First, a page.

Despite a change to Senate rules designed to speed along judicial nominations, Republicans appear ready to pick up 2014 where they left off 2013: obstructing nominees.
If there’s any unifying theme to the barrage of right-wing attacks launched over the past year, it’s the politics of punishment–of teaching you a lesson.
Slowly, real efforts to transform the false work-family dichotomy are emerging, both through legislation as well as through employer initiatives. Programs like paid family leave and on-site child care can help working families over the long haul—yet it is rare to find either offered to low-wage workers in this country.
When the Senate votes on the annual defense appropriation, Sen. Kirsten Gillibrand’s Military Justice Improvement Act won’t be part of it. But the senator says she’s not going away.
If Congress is unable to meet its December 13 deadline to address the sequester, the struggle for low-income domestic violence survivors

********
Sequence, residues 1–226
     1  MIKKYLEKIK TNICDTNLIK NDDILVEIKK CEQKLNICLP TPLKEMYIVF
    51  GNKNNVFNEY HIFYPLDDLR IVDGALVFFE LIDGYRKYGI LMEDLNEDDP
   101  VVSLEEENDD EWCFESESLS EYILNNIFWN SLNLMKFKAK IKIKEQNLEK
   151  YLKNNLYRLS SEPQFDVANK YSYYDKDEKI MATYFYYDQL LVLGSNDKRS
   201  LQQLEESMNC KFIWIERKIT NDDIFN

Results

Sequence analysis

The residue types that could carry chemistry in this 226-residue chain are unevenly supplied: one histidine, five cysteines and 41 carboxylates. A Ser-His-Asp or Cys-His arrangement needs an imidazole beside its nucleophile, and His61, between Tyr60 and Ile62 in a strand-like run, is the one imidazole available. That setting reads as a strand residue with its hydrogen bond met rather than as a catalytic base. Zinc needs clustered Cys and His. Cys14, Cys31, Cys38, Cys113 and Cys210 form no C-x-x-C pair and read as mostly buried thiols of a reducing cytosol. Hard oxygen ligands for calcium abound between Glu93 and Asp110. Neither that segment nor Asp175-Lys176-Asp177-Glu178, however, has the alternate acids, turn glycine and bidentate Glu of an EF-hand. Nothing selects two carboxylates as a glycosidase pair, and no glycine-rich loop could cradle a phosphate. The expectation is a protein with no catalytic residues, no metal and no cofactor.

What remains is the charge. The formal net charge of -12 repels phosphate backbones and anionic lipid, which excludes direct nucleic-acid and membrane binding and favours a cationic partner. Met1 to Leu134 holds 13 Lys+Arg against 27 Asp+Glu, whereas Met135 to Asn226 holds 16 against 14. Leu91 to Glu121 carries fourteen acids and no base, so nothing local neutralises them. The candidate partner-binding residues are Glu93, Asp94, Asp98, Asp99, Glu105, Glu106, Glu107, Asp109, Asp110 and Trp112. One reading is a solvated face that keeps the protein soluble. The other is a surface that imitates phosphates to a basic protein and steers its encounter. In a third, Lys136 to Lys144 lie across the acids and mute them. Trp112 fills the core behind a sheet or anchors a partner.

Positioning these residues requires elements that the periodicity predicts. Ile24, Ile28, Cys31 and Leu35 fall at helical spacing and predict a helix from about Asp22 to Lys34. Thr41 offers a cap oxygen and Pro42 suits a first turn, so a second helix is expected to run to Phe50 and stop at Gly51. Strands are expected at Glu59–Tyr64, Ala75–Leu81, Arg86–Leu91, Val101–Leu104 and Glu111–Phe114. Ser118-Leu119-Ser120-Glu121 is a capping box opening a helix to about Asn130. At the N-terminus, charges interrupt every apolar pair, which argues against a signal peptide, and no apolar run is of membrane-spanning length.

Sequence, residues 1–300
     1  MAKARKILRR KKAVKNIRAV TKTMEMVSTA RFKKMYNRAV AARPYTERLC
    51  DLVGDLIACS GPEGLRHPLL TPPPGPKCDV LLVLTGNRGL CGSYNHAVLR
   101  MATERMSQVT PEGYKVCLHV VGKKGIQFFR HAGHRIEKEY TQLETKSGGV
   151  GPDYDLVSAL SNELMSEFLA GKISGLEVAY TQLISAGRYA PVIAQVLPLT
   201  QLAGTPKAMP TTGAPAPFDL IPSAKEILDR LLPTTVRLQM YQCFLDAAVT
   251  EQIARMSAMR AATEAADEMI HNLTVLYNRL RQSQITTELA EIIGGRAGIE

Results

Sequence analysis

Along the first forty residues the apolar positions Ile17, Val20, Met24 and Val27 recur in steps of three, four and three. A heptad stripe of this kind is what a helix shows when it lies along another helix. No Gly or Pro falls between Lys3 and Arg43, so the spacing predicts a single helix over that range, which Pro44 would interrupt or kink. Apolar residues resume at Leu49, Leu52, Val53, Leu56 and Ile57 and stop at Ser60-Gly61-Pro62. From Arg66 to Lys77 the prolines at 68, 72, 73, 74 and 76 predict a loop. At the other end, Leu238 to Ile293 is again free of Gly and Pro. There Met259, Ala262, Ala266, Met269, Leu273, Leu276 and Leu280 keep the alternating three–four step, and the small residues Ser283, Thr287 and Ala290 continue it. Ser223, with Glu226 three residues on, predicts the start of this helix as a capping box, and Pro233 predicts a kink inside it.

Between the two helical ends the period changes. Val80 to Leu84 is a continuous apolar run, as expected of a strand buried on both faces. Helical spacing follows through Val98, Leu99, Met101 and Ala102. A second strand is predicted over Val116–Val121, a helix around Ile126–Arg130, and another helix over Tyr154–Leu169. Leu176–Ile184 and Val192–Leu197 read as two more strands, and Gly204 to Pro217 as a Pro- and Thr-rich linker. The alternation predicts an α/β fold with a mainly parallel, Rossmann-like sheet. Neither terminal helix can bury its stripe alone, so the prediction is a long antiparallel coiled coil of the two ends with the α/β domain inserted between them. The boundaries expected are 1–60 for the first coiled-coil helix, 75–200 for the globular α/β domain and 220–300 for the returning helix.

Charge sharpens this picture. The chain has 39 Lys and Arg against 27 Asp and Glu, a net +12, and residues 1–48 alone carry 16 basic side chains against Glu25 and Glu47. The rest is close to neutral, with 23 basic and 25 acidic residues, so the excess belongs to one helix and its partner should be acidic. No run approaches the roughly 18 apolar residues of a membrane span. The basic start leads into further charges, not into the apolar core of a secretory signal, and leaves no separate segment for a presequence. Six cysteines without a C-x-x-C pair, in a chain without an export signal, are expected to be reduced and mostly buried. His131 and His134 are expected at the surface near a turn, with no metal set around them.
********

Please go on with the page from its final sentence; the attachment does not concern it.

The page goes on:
to access safe housing will intensify.
The Koch brothers are pressuring members of Congress not to vote for the federal budget deal worked out by Sen. Patty Murray and Rep. Paul Ryan.
The Roberts Court turns down one reproductive rights case as it considers taking up a host of others.
Senate Democrats finally decided to do something about Republican obstruction of judicial nominations.
Last year, Republican senators, led by far-right ideologues Michael Farris and Rick Santorum, defeated ratification of a UN treaty based on the Americans With Disabilities Act. Will they succeed again this year?
Sen. Kirsten Gillibrand’s renewed push comes on the heels of a new poll reporting that six in ten Americans support letting independent prosecutors, rather than the chain of command, decide whether to prosecute cases of sexual assault and other serious non-military crimes.